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Thursday May 23, 2024

Goldman Sachs back to 2021 highs with strong quarter

Goldman's profit rose 28 percent to $4.13 billion, or $11.58 per share, in the first quarter

By News Desk
April 16, 2024
The Goldman Sachs & Co logo is displayed at the companys booth on the floor of the New York Stock Exchange. — Bloomberg/File
The Goldman Sachs & Co logo is displayed at the company's booth on the floor of the New York Stock Exchange. — Bloomberg/File

NEW YORK: Goldman Sachs' profit beat Wall Street estimates, fueled by a recovery in underwriting, deals and bond trading in the first quarter that lifted its earnings per share to the highest since late 2021.

The bank's shares rose more than 3 percent on Monday after it reported a strong comeback in investment banking -- its traditional mainstay -- after a slowdown over the last two years.

Rivals JPMorgan Chase and Citigroup cited improving conditions for dealmaking on Friday when they reported profits that beat market expectations. But their executives also cautioned about risks to the economic outlook, including the uncertain path of U.S. interest rates.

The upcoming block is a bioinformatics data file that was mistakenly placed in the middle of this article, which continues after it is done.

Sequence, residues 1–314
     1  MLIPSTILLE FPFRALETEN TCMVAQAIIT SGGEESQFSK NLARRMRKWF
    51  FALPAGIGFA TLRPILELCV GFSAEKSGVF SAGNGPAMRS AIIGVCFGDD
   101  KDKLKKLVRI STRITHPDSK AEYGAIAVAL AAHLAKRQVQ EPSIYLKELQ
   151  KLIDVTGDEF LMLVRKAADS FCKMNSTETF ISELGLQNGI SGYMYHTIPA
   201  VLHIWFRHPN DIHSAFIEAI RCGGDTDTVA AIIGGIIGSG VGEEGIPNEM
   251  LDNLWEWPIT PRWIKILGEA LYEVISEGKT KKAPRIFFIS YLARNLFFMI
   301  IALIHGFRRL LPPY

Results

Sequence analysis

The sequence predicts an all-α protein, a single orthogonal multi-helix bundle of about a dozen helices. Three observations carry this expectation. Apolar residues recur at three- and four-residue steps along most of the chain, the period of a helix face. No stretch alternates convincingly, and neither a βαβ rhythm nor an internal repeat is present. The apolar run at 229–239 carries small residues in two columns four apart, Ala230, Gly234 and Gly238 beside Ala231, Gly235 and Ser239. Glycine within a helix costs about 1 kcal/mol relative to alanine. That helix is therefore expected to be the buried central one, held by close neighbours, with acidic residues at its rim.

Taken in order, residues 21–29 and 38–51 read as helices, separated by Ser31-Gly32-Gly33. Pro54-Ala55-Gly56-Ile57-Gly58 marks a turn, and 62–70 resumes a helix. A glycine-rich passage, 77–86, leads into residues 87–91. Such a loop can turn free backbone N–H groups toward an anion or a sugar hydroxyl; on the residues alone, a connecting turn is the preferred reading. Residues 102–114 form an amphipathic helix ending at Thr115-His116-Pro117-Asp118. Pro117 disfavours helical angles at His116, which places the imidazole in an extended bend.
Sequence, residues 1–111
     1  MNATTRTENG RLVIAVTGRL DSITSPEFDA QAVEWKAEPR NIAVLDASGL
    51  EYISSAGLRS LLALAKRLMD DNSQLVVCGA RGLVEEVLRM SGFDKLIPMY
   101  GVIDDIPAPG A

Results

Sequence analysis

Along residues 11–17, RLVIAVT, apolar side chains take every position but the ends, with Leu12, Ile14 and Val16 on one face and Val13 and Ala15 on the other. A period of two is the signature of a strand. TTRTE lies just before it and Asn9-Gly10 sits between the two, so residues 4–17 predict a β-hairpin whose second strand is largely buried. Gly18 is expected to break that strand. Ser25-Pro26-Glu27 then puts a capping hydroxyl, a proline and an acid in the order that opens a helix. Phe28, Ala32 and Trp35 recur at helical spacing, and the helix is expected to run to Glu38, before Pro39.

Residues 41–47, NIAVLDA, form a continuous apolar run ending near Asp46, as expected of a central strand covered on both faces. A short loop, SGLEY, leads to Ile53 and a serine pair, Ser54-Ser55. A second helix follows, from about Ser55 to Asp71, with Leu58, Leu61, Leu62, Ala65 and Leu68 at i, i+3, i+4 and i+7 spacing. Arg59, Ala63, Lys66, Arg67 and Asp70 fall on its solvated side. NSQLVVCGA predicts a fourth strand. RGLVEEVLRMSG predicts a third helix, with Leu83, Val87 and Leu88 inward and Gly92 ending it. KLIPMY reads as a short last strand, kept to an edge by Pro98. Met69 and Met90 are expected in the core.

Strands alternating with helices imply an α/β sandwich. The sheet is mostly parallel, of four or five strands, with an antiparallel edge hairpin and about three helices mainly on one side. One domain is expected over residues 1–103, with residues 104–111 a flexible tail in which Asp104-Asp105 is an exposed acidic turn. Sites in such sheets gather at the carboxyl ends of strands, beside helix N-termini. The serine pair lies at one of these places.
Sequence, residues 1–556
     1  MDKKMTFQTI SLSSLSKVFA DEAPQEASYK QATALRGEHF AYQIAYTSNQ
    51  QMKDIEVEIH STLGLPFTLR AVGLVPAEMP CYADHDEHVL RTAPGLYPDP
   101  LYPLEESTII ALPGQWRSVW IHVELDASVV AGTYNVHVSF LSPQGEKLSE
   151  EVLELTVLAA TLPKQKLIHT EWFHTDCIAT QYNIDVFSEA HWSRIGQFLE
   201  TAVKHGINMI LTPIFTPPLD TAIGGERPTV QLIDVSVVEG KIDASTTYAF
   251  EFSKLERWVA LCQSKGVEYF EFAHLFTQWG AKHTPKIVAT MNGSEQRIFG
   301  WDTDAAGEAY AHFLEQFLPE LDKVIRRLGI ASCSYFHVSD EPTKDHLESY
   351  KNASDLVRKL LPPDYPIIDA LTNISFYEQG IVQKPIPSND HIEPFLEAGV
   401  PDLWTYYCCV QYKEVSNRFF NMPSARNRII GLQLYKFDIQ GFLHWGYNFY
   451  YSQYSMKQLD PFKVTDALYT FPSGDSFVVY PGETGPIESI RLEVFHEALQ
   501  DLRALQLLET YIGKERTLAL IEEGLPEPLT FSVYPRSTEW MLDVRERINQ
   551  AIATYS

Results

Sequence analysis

Goldman's profit rose 28 percent to $4.13 billion, or $11.58 per share, in the first quarter. That was higher than the $8.56 earnings per share (EPS) that analysts expected.It is the highest EPS since the third quarter of 2021, according to LSEG, and beat market estimates for a slight decline.

The bank's stock has climbed more than 4 percent this year, compared with an almost 7 percent drop for rival Morgan Stanley."We're in the early stages of a reopening of capital markets," CEO David Solomon told investors on a conference call, citing rising risk appetite among investors for initial public offerings and solid debt underwriting activity. "We continue to be constructive on the health of the U.S. economy."

Oppenheimer analyst Chris Kotowski wrote in a report that the earnings were a "near-perfect print," with most profit drivers performing better than expected.The results could relieve pressure on Solomon after a foray into consumer banking lost billions, drawing rancor and prompting senior departures.

"A rebound in a variety of capital market sensitive revenue areas may finally be underway, while an exit from the ill-fated entry into consumer businesses has removed some headline risk," said Stephen Biggar, a banking analyst at Argus Research.